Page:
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I am using 2 BatchNormalization layers in Keras for a huge dataset that does not fit into memory. I can train with normalized values, but since I want to do a regression, I need to reverse or undo the effects of the normalization, that is, after I do

prediction = model.predict(my_test)

I obtain values that are affected by the 2 BatchNormalizations, and I want to apply to prediction a function to show the values in their natural scale. How can I do this in Keras? Note that I have 2 layers of BatchNormalization.

(I know how to do it when the dataset fits into memory and I normalize it before the training without using BatchNormalization, and then de-normalize it, but in this case I am confused). Thx.

Addendum: By @Romain's suggestion: full model. Inspired by https://medium.com/@rajin250/precipitation-prediction-using-convlstm-deep-neural-network-b9e9b617b436 I want to predict rainfall based in previous rainfall images for a 150x150 points of a grid area, so I have data from 0 to unbounded values,

model = Sequential()
model.add(ConvLSTM2D(filters=32, kernel_size=(5, 5),
                     input_shape=(None, 150, 150, 1), padding='same',
                     return_sequences=True,
                     activation="tanh", recurrent_activation='hard_sigmoid',
                     kernel_initializer='glorot_uniform',
                     unit_forget_bias=True,
                     dropout=0.2, recurrent_dropout=0.2))
model.add(BatchNormalization())

model.add(ConvLSTM2D(filters=32, kernel_size=(2, 2), padding='same',
                     return_sequences=False,
                     activation="tanh", recurrent_activation='hard_sigmoid',
                     kernel_initializer='glorot_uniform',
                     unit_forget_bias=True,
                     dropout=0.2, recurrent_dropout=0.2))
model.add(BatchNormalization())

model.add(Conv2D(filters=1, kernel_size=(1, 1),
                 #activation="sigmoid",
                 padding='same', data_format='channels_last'))

model.compile(optimizer="adam", loss="mse")

I have made explicit that the activation is commented since the sigmoid forces my values to be between 0 and 1. The training is working but the values I obtain are very small, far from reality, so my thought was that I needed to de-normalize somehow...

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    $\begingroup$ I think you are having a mis conception about "Batch Normalization". This does not concern your input data but rather the output of each layer on a given batch of data. You don't need to "reverse" it. Can you give more detail about your architecture as well as your loss function please ? $\endgroup$ – Romain Mar 30 at 13:38
  • $\begingroup$ I have updated the entry with the model and explanations. $\endgroup$ – David Mar 30 at 13:53
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    $\begingroup$ If predicted values are not close to the observed values, this implies that the training loss is large. In other words, the model isn’t fitting the data very well. $\endgroup$ – Sycorax Mar 30 at 13:55
  • $\begingroup$ But the model is not far from predicting well. Using a sigmoid activation in the last layer, I can see the rainfall in more or less correct places, although I don't have exact values since the sigmoid is limiting them, but it encourages me to think that the model is seeing something. Curiously, without a sigmoid, (as it should be with "mse" as loss and a regression) the training worsens. $\endgroup$ – David Mar 30 at 14:00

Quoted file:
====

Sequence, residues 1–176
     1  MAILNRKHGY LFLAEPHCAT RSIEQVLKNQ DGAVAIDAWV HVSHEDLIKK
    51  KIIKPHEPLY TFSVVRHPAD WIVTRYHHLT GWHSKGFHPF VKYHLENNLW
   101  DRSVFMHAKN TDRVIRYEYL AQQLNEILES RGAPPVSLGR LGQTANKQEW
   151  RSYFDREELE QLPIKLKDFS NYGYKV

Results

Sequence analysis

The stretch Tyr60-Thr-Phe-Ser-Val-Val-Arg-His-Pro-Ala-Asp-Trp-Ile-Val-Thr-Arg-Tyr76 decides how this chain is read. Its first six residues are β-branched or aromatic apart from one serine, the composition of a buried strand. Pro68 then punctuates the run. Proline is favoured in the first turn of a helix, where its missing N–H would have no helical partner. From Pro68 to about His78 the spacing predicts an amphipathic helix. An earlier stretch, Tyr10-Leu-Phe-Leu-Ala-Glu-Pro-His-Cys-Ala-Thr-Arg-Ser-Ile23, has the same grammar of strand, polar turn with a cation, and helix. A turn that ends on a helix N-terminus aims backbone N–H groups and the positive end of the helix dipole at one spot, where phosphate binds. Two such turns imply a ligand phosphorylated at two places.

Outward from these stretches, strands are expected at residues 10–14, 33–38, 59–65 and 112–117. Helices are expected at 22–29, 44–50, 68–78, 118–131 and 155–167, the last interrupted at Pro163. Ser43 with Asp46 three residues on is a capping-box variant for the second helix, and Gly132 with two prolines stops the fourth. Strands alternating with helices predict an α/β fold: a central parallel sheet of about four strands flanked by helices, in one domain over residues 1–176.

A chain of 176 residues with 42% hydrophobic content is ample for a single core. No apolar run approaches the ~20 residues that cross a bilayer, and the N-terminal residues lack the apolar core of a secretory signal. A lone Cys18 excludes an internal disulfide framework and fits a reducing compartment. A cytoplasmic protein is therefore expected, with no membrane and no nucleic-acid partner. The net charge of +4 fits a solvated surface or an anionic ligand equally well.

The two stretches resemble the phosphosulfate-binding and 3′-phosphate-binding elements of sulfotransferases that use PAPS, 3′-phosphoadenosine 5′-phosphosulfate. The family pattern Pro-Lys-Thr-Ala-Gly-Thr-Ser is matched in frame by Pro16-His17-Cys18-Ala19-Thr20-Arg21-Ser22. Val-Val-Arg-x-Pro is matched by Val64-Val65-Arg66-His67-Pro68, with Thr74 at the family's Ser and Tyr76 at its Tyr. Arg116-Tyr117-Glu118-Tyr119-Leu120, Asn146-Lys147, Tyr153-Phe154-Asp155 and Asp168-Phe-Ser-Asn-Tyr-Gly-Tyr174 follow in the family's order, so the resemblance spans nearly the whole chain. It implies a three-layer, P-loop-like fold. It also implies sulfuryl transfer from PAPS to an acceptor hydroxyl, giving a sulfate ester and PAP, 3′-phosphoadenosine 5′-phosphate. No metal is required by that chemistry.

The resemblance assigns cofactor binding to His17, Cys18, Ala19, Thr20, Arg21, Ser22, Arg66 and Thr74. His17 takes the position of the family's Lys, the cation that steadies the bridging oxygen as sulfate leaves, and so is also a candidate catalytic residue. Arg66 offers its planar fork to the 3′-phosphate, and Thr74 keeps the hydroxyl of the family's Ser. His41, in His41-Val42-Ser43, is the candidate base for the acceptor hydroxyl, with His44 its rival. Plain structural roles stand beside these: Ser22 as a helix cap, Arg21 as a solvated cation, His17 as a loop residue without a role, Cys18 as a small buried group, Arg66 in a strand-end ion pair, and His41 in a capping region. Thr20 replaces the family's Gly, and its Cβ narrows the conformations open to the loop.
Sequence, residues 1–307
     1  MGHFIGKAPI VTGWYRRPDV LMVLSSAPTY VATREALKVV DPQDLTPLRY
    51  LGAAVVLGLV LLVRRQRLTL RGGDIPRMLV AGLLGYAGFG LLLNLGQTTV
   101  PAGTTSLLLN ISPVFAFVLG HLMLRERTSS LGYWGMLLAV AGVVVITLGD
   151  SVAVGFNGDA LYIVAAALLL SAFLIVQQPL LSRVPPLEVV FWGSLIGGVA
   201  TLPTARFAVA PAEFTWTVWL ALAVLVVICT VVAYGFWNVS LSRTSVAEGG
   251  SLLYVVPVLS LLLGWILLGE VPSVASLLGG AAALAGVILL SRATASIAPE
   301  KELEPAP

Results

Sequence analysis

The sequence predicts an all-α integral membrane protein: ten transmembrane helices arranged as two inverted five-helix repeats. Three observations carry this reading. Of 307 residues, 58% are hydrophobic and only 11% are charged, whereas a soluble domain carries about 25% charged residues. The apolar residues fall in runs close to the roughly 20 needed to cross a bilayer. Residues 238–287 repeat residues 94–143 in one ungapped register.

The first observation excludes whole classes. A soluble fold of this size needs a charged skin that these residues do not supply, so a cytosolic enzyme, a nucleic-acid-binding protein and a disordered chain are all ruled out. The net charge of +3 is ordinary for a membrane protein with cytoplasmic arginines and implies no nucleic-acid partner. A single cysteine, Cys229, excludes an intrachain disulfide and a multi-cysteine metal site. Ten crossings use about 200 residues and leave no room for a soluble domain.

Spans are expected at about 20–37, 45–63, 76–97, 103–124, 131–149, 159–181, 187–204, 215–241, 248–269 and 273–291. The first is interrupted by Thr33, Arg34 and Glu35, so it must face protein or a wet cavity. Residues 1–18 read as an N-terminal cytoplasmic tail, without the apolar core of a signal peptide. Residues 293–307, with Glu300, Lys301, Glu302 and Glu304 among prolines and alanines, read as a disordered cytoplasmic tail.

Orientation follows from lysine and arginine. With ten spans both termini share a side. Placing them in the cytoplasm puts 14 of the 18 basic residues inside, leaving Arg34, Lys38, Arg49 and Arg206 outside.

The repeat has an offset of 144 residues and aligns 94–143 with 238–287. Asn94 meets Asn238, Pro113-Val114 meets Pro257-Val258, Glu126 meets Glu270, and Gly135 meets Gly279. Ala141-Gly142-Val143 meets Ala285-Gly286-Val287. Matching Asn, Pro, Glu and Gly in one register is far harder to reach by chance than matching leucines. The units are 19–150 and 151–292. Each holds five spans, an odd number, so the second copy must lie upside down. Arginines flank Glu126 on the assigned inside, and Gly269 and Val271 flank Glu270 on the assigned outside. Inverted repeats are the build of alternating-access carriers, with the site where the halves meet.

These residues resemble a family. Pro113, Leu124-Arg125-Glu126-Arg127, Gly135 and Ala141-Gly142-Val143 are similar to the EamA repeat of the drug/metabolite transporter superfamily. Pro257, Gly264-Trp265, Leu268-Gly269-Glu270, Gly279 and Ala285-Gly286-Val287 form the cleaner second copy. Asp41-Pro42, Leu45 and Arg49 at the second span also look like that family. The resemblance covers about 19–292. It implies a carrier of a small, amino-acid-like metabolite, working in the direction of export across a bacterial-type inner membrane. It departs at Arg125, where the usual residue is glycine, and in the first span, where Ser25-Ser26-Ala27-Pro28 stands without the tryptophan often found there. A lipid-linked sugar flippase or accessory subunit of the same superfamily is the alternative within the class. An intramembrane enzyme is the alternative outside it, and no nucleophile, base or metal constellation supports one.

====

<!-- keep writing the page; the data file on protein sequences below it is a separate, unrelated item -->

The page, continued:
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    $\begingroup$ I just saw the edit to your question. You should put a linear layer as the last part of the network. $\endgroup$ – Sycorax Mar 30 at 14:06
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If input data is not normalized (or standardized), it will not work in a Neural Network.

This is actually a numerical problem, due to the gradient update but in general one has to normalize or standardize data when dealing with deep learning.

So probably that it will work if you normalize your data and make the last layer a linear one rather than sigmoid.

Even if your data does not fit in memory, you can find ways to normalize.

If your input are images then you simply divide every pixel by 255.0. In keras you can do this using generator, you can find an exemple here: https://medium.com/@mrgarg.rajat/training-on-large-datasets-that-dont-fit-in-memory-in-keras-60a974785d71

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  • $\begingroup$ Thanks. I am working with the precipitation, a variable that is strongly non-gaussian, skewed and fat tailed. (It has been sometimes modeled as a Gamma distribution). I have checked that the outputs after an activation "relu" are all 0, and after an activation "linear" are all negative. This is probably due to the batch normalization layers, that bring all the values to negative values, and indeed it could explain why the author of the blog post used a sigmoid: because it converts to positive the negative values. $\endgroup$ – David Mar 31 at 17:59
  • $\begingroup$ I have looked at this to "standardize" skewed data (but not tried yet): datascience.stackexchange.com/questions/36291/…. Some of those solutions could solve the previous standardization of the dataset (before entering the NN), but I'm not sure if the internal batch normalization layers would spoil everything again. Perhaps some layer customization could be ideal, I should check if that can be done in Keras. $\endgroup$ – David Mar 31 at 18:05

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